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De-Dewefication Begins

Last discussed here in May of 2006, de-Dewefication has begun at the new Perry branch library in Maricopa county, Arizona. The library will open without using Dewey classification. Their books will be shelved by topic.

Maricopa County officials say the Perry Branch library will be organized like a bookstore. Instead of assigning them numbers, the tens of thousands of books will be shelved by topic.

County librarians say it's time to do away with the century-old Dewey Decimal system.

They say it's too confusing for people to hunt down books using those long strings of numbers and letters.

The idea to get rid of Dewey came from Marshall Shore -- an adult service coordinator for the Maricopa County Library District.

He says that patrons are frustrated by the old cataloging system. He says that the libraries must adapt to their customers needs.

Articles here and here


How to classify and shelve print materials has long been a problem that has plagued librarians. If your customers are primarily browsers, classifying by general subject rather than a Dewey number may be worth investigating.

It must be hard to be first with something that will seem so radical to many librarians. I'm sure they will get their fair share of criticism, but if this style of shelving is best for their customers then I applaud them for changing to meet the needs of their users.

I have tagged you for the 8 Things Meme! :-)

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While agree that customers prefer the bookstore style of organization, the biggest difference between a bookstore and a library is that the customer doesn't return the book each time in a bookstore.

How exactly will the books be re-shelved? Will there be stickers or other identifying marks? Or will the shelving page decide where to place items? What will the online catalog have for a location? I'll be very interested to hear in the long term report when it comes to customers wanting to find a specific book rather than browse. As my colleague described it, will they get the Barnes & Noble shrug when an item in the catalog is nowhere to be found. :0


@ Loretta -
I'd assume they'd shelve by subject and then by Author, same as bookstores.


I'm actually kind of thrilled by this post. It makes me a wee bit giddy. I always secretly (desperately) wanted the fiction section to be shelved by genre (instead of by author...oh how it pains me!)... I hadn't even thought of reshelving the nonfic as well. Very interesting idea and I'm anxious to see how it works for them!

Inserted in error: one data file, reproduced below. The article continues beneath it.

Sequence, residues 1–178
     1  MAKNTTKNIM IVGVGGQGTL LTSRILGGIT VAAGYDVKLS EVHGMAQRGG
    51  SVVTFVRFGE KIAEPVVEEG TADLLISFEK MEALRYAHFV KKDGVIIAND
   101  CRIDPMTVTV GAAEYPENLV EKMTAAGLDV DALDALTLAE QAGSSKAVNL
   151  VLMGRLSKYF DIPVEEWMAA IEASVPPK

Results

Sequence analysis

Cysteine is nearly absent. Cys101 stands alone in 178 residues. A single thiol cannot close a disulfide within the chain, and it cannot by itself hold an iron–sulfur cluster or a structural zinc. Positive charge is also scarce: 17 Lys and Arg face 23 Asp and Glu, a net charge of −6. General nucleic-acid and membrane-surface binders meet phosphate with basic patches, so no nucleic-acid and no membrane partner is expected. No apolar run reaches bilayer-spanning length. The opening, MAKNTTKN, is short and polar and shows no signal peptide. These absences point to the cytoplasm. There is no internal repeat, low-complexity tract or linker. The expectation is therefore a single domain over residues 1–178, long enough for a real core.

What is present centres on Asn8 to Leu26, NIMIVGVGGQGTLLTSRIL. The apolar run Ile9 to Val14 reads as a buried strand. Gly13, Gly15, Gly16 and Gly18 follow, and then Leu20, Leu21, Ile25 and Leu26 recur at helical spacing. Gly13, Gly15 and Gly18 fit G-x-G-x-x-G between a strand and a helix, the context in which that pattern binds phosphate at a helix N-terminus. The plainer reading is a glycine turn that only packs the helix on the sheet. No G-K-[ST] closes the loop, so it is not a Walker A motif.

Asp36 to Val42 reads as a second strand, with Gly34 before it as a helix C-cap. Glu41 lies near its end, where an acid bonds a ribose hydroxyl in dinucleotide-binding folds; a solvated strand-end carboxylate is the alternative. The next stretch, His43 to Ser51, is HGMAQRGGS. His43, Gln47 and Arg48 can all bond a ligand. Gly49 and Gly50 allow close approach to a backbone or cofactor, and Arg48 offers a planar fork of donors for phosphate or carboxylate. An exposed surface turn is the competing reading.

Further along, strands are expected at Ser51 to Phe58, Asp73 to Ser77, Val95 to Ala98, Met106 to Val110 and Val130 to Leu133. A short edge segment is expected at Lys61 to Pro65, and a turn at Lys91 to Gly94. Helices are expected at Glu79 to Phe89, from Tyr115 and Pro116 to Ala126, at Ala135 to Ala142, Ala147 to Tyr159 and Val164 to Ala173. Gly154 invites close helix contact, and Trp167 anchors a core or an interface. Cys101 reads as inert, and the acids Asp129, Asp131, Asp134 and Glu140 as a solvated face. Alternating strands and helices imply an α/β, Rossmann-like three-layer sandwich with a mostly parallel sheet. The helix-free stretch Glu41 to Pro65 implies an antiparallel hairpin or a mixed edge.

You really should check out this video, about the book everything is miscellaneous, and the author talks about the dewey system starting at 20 minutes.

It's going to be interesting to see how this L2 experiment works out. I predict a fiery crash and burn. Entropy is ubiquitous, even while implementing a structured system like Dewey. I hope they are using RFID too so they will be able to locate their lost items via tricorder...

It is an exciting idea, and doubtless works for a small branch library. I'm not sure how successful it would be in a major academic place, though.

I used to work at the University of London Library--some 15 floors of volumes--and there were a number of different systems, including some from private collections.

My favorite was called "fixed location"--every book had a specific address. So 13b7 meant aisle 13, second shelf, 7th book in. It was the only section where books never got mis-shelved.

Ah yes, by subject of course. But who/how is the subject going to be decided? Are the subjects going to be very broad (in which case how will you find anything!) or narrow (in which case who/how will it be decided). Authors rarely like to write a book that fit into a single subject (one of the reasons cataloging is so complicated at times) so there you are back on the road of 'cataloging' the book again. :)

I do think this will be a very interesting situation to watch. I think the customers will love it (mostly), but it will be interesting to see how much back end work this causes.

This was an interesting article. I think Mr. Courtright is a little off shore. I am open to new ideas but this one is not a good one. I can see where this might make things easier for a small library, but if you had a large number of volumes, it would be terrible. If you had five hundred volumes in the history section, and you just had a label on the books that said “history”, you would have to start at the first book and look through them all until you found the book you wanted, even when you had a title of the book. I wouldn’t want to waste my time looking through everything. Mr. Courtright probably is an administrator and doesn’t know beans about libraries, and if he does, he’s an idiot. The simplest way to handle it is like Mr. Casey. I have been doing this for the last thirteen years. I am a media specialist in a primary school. In order to keep books where I know I can find them and assist students, I use Dewey. I also use a system of pictures and labels above the shelves, so that smaller children who can’t read may use the pictures and the older children can use the subject labels as well. So why do both? Dewey for organization and labeling for patron convience. I imagine Mr. Courtwrong doesn’t help people find anything in his library system.

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